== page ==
Celebration of the life of D-Day Landings veteran

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A MODEST man, who refuted any suggestion that his role in the D-Day Landings made him a war hero, was given a fine send-off by his family, friends and fellow veterans yesterday.

Harry Fenn, who died on 28 June aged 97, was Jersey’s last survivor to have been part of the Allied landings on the coast of Normandy on 6 June 1944, eight months after enlisting for the Royal Navy at the age of 18.

Smiles and tears were intermingled as the congregation at St Brelade’s Church tapped their feet to the Morecambe and Wise song Bring Me Sunshine and joined together to sing Eternal Father, known as the Navy Hymn.

Two other Islanders who were also part of Operation Overlord – the codename for the Allied invasion of German-occupied Europe – and landed in France in the days after D-Day were among those paying their respects. Billy Reynolds and Ernest Thorne were joined by veterans from the Royal British Legion, who had served in conflicts including the Falklands, the Gulf, Bosnia and Northern Ireland.

Military standards were raised and then lowered at the start of the service, as Keith Sunter of the Royal British Legion read an extract from the poem For The Fallen by Laurence Binyon and a bugler played the Last Post.

The Rev Mark Bond, the Rector of St Brelade, said the service was intended to celebrate Mr Fenn’s life, but also to acknowledge what he said was ‘the part Harry played in all of our lives’.

Broadcaster and historian Chris Stone, who made several trips to Normandy with Mr Fenn to commemorate D-Day anniversaries, spoke on behalf of the family, describing ‘a long life, lived with love, kindness, humour and humility’.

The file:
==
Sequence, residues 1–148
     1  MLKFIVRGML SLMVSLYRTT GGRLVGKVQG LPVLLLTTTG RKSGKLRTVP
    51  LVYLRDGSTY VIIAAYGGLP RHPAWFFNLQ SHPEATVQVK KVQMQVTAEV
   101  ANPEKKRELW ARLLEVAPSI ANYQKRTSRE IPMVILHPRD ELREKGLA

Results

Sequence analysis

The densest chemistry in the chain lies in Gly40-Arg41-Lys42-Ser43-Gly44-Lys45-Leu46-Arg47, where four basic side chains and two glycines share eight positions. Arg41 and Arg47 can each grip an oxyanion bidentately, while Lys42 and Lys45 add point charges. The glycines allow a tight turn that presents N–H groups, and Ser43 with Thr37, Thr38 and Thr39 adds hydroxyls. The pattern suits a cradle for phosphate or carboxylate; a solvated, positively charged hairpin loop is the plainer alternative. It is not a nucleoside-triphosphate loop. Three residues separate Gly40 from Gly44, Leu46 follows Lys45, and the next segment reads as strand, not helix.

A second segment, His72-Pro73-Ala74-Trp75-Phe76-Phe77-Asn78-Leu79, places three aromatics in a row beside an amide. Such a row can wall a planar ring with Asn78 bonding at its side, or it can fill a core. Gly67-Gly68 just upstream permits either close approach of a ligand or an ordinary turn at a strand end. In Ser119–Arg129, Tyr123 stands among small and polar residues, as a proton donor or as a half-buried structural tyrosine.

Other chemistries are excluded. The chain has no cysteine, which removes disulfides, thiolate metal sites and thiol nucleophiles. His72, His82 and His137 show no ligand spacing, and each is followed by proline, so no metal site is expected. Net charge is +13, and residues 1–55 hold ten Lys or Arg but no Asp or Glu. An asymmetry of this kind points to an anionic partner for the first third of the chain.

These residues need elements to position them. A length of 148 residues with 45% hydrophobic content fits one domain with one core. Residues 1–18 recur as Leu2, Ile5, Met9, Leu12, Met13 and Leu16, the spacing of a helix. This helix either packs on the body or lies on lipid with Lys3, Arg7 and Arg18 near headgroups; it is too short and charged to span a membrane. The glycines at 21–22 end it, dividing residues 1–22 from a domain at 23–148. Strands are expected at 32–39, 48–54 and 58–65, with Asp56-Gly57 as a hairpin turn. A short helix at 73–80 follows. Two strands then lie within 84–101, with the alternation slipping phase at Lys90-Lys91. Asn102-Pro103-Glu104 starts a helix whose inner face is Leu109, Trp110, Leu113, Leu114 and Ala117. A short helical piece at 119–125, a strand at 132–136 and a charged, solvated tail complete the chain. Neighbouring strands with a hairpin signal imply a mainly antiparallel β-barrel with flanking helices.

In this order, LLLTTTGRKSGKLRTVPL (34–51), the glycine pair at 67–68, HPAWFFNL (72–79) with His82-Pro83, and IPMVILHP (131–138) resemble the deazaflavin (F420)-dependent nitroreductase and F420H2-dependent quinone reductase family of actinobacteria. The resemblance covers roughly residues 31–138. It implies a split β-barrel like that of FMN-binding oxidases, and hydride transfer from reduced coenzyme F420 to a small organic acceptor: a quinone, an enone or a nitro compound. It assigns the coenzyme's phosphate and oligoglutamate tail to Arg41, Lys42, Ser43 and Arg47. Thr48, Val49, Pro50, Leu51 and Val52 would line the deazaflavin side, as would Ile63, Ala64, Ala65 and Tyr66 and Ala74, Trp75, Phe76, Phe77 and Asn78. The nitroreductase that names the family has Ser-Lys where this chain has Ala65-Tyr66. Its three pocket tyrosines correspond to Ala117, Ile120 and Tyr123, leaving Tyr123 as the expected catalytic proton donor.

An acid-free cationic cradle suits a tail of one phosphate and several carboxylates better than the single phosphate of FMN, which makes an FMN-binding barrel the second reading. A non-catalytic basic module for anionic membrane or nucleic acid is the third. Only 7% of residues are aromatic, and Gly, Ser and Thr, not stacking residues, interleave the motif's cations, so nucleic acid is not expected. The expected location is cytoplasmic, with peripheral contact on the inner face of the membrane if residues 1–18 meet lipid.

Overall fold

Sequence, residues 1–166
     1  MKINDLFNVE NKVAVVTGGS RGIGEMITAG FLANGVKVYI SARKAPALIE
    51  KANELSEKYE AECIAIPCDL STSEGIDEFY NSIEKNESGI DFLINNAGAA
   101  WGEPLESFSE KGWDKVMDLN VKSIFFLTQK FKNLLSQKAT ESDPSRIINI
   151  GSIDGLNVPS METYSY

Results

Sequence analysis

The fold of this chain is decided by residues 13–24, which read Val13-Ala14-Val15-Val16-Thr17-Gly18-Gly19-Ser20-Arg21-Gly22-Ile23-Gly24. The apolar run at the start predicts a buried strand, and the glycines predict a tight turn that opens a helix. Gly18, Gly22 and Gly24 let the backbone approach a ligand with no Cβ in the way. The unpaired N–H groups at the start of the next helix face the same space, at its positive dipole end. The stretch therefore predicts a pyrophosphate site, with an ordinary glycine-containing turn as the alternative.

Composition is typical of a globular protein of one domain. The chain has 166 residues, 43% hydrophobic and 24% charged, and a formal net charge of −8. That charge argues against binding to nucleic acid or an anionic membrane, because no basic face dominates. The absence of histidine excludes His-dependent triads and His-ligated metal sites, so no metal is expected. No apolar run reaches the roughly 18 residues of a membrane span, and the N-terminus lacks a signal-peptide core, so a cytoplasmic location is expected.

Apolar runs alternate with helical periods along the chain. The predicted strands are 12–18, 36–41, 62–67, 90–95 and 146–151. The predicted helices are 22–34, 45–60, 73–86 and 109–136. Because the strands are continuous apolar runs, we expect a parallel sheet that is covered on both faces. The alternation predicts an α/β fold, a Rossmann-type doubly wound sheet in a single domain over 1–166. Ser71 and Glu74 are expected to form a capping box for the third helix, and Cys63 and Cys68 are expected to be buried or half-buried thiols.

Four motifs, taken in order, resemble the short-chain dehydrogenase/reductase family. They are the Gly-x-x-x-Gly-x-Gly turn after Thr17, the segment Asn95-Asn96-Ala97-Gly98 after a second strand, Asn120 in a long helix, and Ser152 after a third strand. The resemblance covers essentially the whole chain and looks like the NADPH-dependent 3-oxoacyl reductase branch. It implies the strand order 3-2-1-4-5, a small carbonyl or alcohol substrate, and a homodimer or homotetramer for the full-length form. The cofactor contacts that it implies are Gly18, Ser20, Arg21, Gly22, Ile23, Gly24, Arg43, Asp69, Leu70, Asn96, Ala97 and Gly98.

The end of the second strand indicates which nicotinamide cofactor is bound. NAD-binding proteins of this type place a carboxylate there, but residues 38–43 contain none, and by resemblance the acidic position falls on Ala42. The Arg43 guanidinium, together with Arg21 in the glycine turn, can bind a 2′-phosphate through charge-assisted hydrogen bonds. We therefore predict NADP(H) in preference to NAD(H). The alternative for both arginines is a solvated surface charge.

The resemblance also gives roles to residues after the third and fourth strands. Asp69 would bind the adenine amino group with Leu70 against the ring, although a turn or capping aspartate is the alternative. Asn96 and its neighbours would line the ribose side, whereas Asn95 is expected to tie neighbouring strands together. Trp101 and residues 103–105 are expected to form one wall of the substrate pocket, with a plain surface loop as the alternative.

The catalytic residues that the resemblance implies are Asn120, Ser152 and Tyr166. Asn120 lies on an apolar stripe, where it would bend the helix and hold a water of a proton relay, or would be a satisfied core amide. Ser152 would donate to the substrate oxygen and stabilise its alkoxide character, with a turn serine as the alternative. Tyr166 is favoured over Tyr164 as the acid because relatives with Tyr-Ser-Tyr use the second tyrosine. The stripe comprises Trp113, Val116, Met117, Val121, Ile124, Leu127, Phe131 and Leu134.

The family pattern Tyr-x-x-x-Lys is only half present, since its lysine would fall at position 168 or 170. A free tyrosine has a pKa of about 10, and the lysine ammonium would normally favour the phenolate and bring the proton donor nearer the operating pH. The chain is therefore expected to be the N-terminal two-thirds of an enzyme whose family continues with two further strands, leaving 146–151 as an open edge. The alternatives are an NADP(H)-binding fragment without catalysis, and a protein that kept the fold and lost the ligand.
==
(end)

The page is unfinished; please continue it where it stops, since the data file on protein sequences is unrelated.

Mr Stone described Mr Fenn’s childhood in Jersey, when he had attended De La Salle College before being evacuated with his family to Portsmouth in 1940 a year after the start of the Second World War.

First-aid training during his schooldays as a cadet with St John Ambulance meant that Mr Fenn was assigned to the Royal Navy Medical Corps when he enlisted in late 1943. Mr Stone went on to describe how eight months later Mr Fenn was on board the Navy vessel Drake, a landing-ship tank, when what had seemed like an exercise in the English Channel became part of the opening salvo of Operation Overlord.

The congregation heard how Mr Fenn had returned to Jersey after being demobbed at the end of 1946, running shops at Grève d’Azette, Beaumont and Sandybrook before a career change that saw him move into the company trust section of law firm Bedell Cristin.

Mr Stone highlighted Mr Fenn’s love of sailing, which led to several trips to France and a three-year stint as commodore of St Helier Yacht Club, during which time he met Queen Elizabeth II on board the Royal Yacht Britannia.

‘Harry didn’t consider himself a war hero. He said he had just done his duty,’ Mr Stone said. ‘He was modest, funny, charming and didn’t like the spotlight – he would rather talk about sailing over a glass of wine.’

Among those attending the service were Constables Simon Crowcroft (St Helier) and Mike Jackson (St Brelade), Deputy Bailiff Robert Macrae and the chief of staff at Government House, Major Justin Oldridge.

The service was followed by a private interment in the burial ground adjoining the church, after which Mr Fenn was toasted by his family and friends during a gathering at the Hotel Ambassadeur in St Clement.

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